Four-wheel drive is an option on the Colorado, but it's a mechanically simpler setup than the AutoTrac system offered on the Canyon and its automatic mode.

The Colorado rides on a fully boxed frame with a coil front suspension. Electric power steering is standard across the lineup. Four-wheel drive is an option, naturally, and four-wheel disc brakes with long-life rotors are standard. The Colorado smooths over bumps deftly, and the steering tracks mostly true, though like any body-on-ladder-frame design, the mid-sizer transmits a fair share of secondary ride motions through to the cabin. If you're returning to mid-size trucks from compact crossovers, you'll notice the difference—but it's not as much of a downgrade as, say, stepping back into a Wrangler.

The Colorado is a vast improvement in ride and handling over the Tacoma and Frontier.

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There's more space for people in here, and it's more comfortably arranged than in rival mid-size trucks; driving position is particularly good.

Though it's a mid-size truck, the Chevrolet Colorado does a fair impression of a big boy, when it's configured properly. It's also capable of acting like a commuter car, when it's specified more frugally. Either way, there's more passenger space than its primary rivals, and that space is put to better use, too.

Like its twin, the GMC Canyon, the Chevy Colorado is offered as a four-door crew cab or a less-useful extended cab. The latter comes with a 6-foot-long pickup bed, while the full-fledged four-doors have either a 6-foot or a 5-foot bed.

Either way, the Colorado's interior and space efficiency are light-years ahead of the Toyota Tacoma and Nissan Frontier. Slide into the Chevy truck, and the driving positions and general fit and finish of the competition feel almost antique. The Colorado has somewhat skinny front seats, but it's surrounded by good space (especially head room), a well-finished dash, and lots of small storage slots, bins, and trays. The driving position alone would convince us to upgrade: it has a higher hip point and a more natural relationship to the steering wheel—completely without the splayed-out, legs-out stance you have to adopt in the Tacoma, in particular.

On the fit-and-finish front, the Tacoma and Frontier have a lot of catching up to do, too. The Colorado's tall console stores an iPad out of sight, while also housing the shift lever, a USB port (or as many as four), and a pair of big cupholders. The shifter location's a minor concern, as it sits close to the driver's knee, but it's a minor gripe in a cabin so well turned-out, especially for the class.

The back seat on extended cabs—and on crew cabs, to a lesser degree—is still no competition for a well-designed mid-size four-door sedan, but it's at least as able as some Chevy compact cars. The extended cab just doesn't have enough room in most dimensions to be comfortable for an adult, though a child safety seat will fit; you'll have to sneak it in past a rear-hinged door to get it installed, though.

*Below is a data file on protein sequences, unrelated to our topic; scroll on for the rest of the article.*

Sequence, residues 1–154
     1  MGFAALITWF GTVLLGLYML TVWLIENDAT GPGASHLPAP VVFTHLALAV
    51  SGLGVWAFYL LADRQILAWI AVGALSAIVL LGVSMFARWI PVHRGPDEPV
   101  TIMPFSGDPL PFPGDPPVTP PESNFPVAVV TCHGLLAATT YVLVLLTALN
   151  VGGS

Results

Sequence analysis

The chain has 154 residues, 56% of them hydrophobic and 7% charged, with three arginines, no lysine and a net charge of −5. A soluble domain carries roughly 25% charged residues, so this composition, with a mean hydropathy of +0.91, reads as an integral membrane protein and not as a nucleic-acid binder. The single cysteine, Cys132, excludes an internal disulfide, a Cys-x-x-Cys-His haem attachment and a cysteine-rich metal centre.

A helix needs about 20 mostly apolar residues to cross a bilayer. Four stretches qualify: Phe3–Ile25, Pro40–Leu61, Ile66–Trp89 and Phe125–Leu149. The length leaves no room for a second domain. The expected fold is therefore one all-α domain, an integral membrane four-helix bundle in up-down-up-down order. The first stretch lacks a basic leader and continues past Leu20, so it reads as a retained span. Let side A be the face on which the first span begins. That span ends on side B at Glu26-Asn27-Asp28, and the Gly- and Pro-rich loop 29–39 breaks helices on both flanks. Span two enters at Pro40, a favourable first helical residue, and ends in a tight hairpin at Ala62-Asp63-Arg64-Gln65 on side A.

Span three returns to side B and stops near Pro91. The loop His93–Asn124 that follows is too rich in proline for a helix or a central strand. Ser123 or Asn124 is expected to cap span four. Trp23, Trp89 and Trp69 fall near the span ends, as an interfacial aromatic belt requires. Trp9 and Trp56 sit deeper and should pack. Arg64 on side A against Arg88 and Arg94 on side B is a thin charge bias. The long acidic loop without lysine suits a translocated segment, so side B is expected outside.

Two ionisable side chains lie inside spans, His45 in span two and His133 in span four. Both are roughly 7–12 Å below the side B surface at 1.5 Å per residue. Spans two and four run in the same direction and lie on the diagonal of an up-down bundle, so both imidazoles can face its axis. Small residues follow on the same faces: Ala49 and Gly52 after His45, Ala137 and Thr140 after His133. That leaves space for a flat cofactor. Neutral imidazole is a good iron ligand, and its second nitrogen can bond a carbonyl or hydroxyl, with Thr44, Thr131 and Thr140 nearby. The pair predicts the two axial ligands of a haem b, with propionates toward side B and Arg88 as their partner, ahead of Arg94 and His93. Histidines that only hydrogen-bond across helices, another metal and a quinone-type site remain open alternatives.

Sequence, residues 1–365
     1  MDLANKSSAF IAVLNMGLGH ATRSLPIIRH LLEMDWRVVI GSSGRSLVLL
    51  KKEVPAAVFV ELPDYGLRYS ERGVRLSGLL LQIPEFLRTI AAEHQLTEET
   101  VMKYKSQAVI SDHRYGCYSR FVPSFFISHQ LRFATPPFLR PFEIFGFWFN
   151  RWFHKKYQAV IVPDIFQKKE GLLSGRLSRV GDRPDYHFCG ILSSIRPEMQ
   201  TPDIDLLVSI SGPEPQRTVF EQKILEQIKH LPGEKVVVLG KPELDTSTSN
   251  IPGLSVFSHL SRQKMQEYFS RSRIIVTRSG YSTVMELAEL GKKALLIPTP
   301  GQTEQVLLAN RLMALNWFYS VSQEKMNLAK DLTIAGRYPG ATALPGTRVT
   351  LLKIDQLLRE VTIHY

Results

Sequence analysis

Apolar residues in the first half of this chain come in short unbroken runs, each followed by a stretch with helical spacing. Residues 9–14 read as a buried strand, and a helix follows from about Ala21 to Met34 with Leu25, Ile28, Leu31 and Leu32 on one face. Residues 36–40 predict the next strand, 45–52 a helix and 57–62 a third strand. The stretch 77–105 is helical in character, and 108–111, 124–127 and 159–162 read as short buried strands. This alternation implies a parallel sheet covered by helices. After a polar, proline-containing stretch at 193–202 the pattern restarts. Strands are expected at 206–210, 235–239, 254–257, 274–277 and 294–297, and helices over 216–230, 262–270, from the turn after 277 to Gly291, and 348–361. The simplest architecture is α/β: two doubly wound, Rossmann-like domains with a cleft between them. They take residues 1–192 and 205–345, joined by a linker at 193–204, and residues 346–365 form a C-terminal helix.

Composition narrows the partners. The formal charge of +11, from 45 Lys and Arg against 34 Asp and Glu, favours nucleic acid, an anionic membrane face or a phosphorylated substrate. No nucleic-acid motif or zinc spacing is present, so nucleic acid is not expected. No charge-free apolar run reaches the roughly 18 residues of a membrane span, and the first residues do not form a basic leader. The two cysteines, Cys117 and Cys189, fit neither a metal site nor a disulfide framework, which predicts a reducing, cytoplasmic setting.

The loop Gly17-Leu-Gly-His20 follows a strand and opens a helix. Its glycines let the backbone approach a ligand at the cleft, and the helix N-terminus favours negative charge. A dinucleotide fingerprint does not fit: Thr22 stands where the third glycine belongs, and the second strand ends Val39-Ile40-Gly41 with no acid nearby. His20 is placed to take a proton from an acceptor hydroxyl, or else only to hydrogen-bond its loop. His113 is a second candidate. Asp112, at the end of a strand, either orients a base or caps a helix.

The crew cab has better leg room and knee room, but the cushions sit low, and the seat backs are bolt upright against the bed wall. Most owners will use the under-seat storage more than the seats themselves, we think.

The bed's much better configured for day-in, day-out use. It's shy on length to full-sizers, but with available bed extenders, an 8-foot object can be brought home without much fuss. Thoughtful touches abound in the bed: there's a corner bumper step and easy-lowering tailgate on all versions, as well as some 17 tie-down spots inside the bed. It can be fitted with either a spray-in bedliner or a drop-in one; cargo dividers; a system of racks and carriers dubbed GearOn; cargo nets and tonneau covers; a drop-in toolbox; and of course, trailer hitches and harnesses.

By the numbers, the Colorado can tote between 1,410 pounds and 1,590 pounds of payload, and can tow a minimum of 3,500 pounds—7,700 pounds at the max rating. It's a perfect bridge between the family crossover and the mega trucks we call full-sizers today, but mostly if you're unconcerned with carrying full-sized people in the back seats.

There's more space for people in here, and it's more comfortably arranged than in rival mid-size trucks; driving position is particularly good.

A rearview camera is standard, but crash tests aren't complete or as of yet, very impressive.

It's possible that the Chevy Colorado and the related GMC Canyon are the safest trucks in their class, but complete data is lacking—and the data we have so far is good, but not great.

The Colorado has been crash-tested by the NHTSA. It awarded the pickup an overall score of four stars. On individual crash tests, the Colorado ranges from five stars in side impacts, to four stars for frontal-impact protection.

Standard equipment with the Colorado includes six standard airbags that have larger side bags meant to prevent passengers from being ejected in a rollover. Over-sized side mirrors give better visibility, and a rearview camera is standard. In addition to the standard stability-control system, the Colorado also gets standard trailer sway control and hill-descent control systems.